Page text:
I HAVE A BED. Sorry, just had to get the shouty excitement bit out of the way. In fact, I’m sitting on it as I type this! Sitting! On! My! Bed!

You don’t understand how momentous this is until you’ve spent 2.5 weeks sleeping curled up on a concrete floor with a mosquito net draped over you like a shroud.

I also have a dresser, of sorts – at least, it’s shelf space that will finally get my clothes out of my suitcase, and maybe some of my books out of piles on the floor. All I need now is some creepy posters of anonymous Asian children holding rabbits and my house will truly be a home. (If you’re not a K-PCV, that statement will not make any sense. Just roll with it.) I fully intend to spend this coming weekend in “nesting mode”: arranging things, putting clothes away, maybe finally mopping. I wish I were close to a Nakumatt – or, hell, a Target, since we’re talking wishes – so that I could continue my extravagant furnishing spree. A chair, for example, would be nice. Or a table. Or actual cooking knives: to date, any slicing and dicing requires me to bust out my awesome 6” tactical knife. This is badass, to be sure, but it leaves something to be desired in the “finesse” department. We can’t all be Bear Grylls.

This process of taking stock, sorting, replacing things that need replacing … it is not so different to build a home as it is to build a nation. If you’re left thinking, “Megan, that’s not only a stretch of a metaphor, but it’s also a non-sequitar,” BITE ME. I need a segueway to talk about the Kenyan Constitution. So there. For those of you who haven’t been following African politics, Wednesday August 4 was kind of a big deal. Kenyan citizens took to the polls for the first time since the contentious and ultimately harrowing general presidential elections of 2007. This time, however, they were not voting on specific leaders per se but rather upon the judicial framework in which they will be acting: Kenya was voting on a new constitution. The previous one had been written to accommodate the needs of colonialists more than the nation itself and was long overdue for an overhaul.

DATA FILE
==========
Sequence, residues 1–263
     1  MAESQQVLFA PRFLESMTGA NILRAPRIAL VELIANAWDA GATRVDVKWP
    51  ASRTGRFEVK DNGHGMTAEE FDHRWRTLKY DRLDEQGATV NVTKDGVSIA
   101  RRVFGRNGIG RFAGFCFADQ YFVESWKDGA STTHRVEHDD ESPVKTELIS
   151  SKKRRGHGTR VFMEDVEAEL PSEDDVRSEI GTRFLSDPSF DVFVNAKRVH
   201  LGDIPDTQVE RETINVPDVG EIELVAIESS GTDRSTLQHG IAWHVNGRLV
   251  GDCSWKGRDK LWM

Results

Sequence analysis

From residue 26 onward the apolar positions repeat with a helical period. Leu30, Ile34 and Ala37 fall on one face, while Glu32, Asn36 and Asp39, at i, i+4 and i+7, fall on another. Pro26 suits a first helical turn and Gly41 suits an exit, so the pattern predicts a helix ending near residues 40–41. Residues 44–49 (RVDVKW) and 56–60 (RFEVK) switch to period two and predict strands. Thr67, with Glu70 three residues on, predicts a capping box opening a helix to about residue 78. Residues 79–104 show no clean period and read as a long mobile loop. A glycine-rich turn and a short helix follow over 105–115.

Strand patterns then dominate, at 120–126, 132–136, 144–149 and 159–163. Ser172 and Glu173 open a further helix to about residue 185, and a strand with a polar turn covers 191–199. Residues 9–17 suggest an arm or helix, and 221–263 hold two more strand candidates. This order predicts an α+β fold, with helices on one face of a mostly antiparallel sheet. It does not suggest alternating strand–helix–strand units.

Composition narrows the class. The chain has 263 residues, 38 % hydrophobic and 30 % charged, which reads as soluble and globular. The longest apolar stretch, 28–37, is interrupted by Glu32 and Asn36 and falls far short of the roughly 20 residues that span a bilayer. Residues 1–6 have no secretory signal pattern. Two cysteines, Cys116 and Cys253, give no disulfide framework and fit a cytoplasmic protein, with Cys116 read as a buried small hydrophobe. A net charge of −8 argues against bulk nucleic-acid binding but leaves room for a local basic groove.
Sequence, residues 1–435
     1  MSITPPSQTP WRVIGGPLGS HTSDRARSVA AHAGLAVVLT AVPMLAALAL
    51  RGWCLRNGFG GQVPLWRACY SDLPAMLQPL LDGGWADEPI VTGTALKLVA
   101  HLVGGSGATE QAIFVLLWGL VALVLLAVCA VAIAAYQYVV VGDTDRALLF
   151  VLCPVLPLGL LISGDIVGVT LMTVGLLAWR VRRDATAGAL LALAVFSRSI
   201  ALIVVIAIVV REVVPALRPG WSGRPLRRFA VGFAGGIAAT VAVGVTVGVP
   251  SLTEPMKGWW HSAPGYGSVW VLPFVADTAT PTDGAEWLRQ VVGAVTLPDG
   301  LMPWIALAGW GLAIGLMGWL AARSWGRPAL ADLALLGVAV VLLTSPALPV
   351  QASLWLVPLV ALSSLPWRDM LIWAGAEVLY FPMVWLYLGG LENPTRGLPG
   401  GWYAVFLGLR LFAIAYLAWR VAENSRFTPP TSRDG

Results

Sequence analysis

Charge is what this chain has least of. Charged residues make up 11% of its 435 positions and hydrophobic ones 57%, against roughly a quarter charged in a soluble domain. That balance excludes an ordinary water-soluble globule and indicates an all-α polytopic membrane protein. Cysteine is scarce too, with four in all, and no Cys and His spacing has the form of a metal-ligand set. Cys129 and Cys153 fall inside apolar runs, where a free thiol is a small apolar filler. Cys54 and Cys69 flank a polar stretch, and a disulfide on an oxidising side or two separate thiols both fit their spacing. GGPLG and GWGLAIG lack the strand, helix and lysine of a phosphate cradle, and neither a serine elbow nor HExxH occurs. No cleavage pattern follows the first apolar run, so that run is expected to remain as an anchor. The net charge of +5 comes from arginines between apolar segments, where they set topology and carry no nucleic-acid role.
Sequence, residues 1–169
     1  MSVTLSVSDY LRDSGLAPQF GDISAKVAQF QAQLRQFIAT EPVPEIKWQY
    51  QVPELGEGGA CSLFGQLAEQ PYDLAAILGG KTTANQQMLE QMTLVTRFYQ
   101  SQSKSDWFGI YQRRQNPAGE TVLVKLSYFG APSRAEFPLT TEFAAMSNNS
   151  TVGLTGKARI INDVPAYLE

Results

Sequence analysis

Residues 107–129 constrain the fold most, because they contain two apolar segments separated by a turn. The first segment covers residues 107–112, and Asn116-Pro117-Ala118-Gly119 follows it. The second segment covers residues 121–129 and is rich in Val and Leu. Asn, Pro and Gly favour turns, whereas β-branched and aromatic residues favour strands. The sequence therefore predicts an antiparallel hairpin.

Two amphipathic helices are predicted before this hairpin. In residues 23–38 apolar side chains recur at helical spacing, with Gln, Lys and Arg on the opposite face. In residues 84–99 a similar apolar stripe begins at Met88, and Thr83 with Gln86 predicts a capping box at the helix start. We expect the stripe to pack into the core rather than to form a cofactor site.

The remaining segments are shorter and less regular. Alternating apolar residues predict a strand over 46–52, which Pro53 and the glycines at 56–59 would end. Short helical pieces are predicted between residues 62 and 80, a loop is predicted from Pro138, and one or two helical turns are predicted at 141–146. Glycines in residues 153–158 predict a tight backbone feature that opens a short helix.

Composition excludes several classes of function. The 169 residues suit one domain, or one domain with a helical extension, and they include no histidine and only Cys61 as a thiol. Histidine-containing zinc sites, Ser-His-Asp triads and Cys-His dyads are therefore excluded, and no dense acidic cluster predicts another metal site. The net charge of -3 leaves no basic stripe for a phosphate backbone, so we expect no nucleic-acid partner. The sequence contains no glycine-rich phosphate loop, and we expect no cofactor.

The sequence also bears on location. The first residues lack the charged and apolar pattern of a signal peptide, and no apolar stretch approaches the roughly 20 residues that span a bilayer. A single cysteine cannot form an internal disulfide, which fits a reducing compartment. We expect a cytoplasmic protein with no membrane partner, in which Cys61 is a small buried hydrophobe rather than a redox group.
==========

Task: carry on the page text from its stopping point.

I won’t go into the details of either the constitution itself or of my opinions of it; thirty seconds on google should give you a reasonably clear picture of the former, and an e-mail request will get you the latter. This isn’t a political blog. (Mostly.) I am, however, happy to say that despite a great deal of nailbiting at Peace Corps HQ, the elections went by virtually without a hitch. There have as yet been no signs of widespread voter fraud or other electoral malpractices; similarly, both the process of voting and the acceptance of the results were peaceful. It’s a watershed moment in Kenyan history and – all’s well that ends well – I’m glad to have been here to witness it.

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